So it’s got to be the cultural connotation, right? Now, living in this culture, we’ve all come to agree that “damn” is more coarse than “darn.” Somehow we’ve agreed that one is a profanity and one is a suitable substitute if we absolutely need to yell something out loud. But at this point, we’re just being told what to say. Maybe “darn” doesn’t begin to express the pain and anger I’m feeling in this hypothetical situation (for the sake of argument, we can say that I was mad because I was told that swearing was now against the law). So once again, if we need to boil down our expressions to strictly tame euphemisms, are we truly free to express ourselves?

If it’s just a matter of being offensive… well, tough shit. None of us have the right to be not offended. Just imagine what that would mean if we did! If you consider the old saying that you can’t make everyone happy all the time, it should be obvious enough that it is impossible to not offend somebody with our ideas, statements, and actions at some point. We do not have the right to not be offended.

But that doesn’t mean that we as citizens of a civil society shouldn’t at least try to not offend. The man with the sign mentioned at the beginning of this column, even I’d say that he wasn’t exercising good taste. It is a word that is culturally agreed upon as vulgar, so he knew full well he was being vulgar in public. In short, we could call him an asshole. But should it be against the law to do what he did?

According to the Federal Communication Commission (FCC), if a television news crew came by to record the protest, the station would be subjected to major fines for showing the image of his sign. And the punishment keeps getting higher. In 2006, the Broadcast Decency Enforcement Act was adopted by congress, which increased the fines for broadcasting “obscene, indecent, or profane material” tenfold. A network can be fined $325,000 for each utterance of a swear word.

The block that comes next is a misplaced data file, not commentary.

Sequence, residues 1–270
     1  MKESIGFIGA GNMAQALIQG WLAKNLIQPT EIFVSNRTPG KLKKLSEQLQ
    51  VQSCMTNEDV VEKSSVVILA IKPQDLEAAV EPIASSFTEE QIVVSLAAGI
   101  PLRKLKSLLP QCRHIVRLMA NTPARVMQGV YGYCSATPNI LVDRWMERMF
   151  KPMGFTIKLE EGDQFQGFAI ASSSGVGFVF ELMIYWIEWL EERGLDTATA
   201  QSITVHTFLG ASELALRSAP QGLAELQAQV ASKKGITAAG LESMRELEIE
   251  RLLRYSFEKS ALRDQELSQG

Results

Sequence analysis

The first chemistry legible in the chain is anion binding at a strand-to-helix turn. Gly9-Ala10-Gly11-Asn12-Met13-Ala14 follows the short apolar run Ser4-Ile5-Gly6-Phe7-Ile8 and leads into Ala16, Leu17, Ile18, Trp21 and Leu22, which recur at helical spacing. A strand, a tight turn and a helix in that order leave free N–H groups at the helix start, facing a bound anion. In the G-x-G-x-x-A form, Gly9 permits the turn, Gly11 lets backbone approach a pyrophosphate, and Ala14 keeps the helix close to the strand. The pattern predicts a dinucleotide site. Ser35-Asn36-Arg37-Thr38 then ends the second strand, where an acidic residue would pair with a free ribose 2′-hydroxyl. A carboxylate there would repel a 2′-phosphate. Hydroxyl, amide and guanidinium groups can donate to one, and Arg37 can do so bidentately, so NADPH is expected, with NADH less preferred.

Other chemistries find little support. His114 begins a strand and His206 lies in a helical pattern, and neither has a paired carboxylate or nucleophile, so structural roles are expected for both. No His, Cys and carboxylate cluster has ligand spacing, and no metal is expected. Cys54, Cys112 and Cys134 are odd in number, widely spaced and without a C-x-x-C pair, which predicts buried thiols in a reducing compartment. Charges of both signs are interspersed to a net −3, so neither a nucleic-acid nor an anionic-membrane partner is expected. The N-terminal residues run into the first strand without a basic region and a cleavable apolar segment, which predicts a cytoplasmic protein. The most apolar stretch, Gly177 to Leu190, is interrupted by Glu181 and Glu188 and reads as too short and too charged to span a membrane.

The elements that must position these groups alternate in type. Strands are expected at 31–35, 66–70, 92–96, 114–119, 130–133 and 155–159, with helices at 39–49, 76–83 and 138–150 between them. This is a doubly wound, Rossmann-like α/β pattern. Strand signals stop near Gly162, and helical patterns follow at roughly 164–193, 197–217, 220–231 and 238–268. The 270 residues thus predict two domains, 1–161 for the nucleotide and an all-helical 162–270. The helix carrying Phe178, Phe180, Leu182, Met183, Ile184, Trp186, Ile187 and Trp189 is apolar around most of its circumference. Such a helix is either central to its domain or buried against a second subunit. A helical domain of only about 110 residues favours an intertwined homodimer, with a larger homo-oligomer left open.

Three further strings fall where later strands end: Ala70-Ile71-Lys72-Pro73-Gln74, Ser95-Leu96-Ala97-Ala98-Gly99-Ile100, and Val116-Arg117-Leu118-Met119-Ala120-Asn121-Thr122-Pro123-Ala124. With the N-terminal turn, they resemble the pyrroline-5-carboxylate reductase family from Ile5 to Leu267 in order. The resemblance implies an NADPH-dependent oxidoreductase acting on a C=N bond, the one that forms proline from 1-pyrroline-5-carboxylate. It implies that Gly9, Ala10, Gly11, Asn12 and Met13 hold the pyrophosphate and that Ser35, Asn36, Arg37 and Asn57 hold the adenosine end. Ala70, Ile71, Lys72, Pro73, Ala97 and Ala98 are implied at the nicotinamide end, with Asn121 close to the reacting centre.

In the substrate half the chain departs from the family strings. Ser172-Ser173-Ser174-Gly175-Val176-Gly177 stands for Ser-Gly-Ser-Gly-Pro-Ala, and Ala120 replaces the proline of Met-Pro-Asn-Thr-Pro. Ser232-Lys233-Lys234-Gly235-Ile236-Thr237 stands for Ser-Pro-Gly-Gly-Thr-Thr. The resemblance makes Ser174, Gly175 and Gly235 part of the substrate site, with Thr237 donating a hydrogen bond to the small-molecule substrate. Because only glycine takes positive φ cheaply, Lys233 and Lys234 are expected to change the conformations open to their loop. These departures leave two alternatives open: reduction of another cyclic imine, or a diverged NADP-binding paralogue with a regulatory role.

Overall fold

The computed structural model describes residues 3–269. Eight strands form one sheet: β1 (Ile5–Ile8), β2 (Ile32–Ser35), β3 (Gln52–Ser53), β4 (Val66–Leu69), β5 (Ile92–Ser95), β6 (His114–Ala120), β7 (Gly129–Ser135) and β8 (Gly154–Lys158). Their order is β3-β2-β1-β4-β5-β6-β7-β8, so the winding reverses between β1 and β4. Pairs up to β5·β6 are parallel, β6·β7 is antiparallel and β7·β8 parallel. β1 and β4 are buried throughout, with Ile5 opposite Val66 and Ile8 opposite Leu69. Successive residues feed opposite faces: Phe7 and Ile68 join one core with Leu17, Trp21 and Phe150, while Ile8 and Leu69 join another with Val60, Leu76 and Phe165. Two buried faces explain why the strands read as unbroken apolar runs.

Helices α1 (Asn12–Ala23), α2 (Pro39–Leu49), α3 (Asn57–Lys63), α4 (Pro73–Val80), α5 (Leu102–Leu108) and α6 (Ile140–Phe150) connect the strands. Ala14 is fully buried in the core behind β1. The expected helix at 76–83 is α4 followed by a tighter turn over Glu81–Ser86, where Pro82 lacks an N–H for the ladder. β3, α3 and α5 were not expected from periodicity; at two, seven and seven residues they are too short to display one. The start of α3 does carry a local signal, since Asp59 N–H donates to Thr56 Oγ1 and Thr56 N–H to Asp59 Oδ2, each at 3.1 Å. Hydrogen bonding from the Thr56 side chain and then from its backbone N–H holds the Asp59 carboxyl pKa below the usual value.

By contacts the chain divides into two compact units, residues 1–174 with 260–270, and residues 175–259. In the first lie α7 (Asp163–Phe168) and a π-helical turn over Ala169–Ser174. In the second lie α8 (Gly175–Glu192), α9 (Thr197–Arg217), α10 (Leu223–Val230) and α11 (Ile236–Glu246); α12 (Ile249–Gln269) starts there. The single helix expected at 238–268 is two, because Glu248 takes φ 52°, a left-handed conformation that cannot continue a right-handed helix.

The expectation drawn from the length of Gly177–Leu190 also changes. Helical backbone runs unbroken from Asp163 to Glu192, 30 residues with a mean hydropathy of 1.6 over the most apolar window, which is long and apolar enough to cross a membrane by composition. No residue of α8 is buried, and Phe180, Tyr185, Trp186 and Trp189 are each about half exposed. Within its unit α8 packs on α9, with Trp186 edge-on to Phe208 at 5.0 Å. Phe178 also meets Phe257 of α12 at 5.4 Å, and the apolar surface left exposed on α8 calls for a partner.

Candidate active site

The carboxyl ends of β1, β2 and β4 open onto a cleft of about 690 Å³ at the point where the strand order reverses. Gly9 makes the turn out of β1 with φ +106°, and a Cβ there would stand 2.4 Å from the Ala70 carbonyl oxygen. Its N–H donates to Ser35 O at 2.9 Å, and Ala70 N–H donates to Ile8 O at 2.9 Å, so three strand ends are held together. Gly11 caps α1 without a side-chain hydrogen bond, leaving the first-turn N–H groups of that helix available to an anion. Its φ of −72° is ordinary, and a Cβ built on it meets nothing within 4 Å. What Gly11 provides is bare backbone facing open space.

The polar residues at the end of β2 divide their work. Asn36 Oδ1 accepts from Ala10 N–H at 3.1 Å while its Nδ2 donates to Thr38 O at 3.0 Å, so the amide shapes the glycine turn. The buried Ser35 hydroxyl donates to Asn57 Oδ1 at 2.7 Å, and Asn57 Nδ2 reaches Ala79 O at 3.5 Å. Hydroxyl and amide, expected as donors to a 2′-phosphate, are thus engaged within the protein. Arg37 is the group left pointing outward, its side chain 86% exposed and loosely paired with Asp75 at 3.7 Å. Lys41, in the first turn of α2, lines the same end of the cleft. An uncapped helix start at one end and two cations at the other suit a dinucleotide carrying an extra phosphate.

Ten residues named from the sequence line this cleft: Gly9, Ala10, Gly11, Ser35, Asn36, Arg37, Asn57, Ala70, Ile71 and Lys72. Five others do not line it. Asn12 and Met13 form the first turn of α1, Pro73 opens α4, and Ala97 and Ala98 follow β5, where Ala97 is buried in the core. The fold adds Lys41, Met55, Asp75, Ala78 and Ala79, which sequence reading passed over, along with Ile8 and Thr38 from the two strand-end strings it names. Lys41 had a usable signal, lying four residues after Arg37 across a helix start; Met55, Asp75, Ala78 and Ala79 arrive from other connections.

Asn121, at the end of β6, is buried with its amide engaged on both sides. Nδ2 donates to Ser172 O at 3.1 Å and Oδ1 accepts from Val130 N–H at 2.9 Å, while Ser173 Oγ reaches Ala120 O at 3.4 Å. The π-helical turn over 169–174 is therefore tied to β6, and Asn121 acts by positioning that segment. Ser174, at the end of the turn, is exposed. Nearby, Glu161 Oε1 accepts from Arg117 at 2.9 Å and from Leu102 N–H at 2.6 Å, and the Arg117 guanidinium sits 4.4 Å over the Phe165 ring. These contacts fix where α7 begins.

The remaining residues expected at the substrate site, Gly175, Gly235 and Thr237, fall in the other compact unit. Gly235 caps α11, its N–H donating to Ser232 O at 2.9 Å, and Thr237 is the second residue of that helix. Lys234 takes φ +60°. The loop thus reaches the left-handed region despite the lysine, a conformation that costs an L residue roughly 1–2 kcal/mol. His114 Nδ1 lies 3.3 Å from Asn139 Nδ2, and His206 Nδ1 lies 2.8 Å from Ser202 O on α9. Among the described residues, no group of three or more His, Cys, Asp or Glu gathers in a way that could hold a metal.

I submit that this is a bit outrageous. What’s more, these rules only apply to television and radio. And only that which is picked up by an antennae. If it is over the Internet, or if it is on a cable channel like HBO or Showtime, these rules don’t apply (though according to the FCC, they’re working towards policing these areas in the future). So what are we really accomplishing by attempting to keep people, by law, from saying a handful of words, depending on their context (the word “bitch” for example is both acceptable and dirty, depending on context), in a small variety of forums? Since I’m submitting things, I’d say that the only thing we’re accomplishing is allowing a government entity the power to tell us what to say and think.

Fortunately, the bastion of free expression, the newspaper, is not regulated in any way by the government on what we can and cannot say. So as far as this column is concerned, I might be bringing up a topic and using words that are considered by mainstream society as dirty, and perhaps I’m exercising bad taste by writing this column, but I also forewarned you, dear reader. So if you’re offended, you have no one to blame but yourself (but for the record though, I hope you’re not).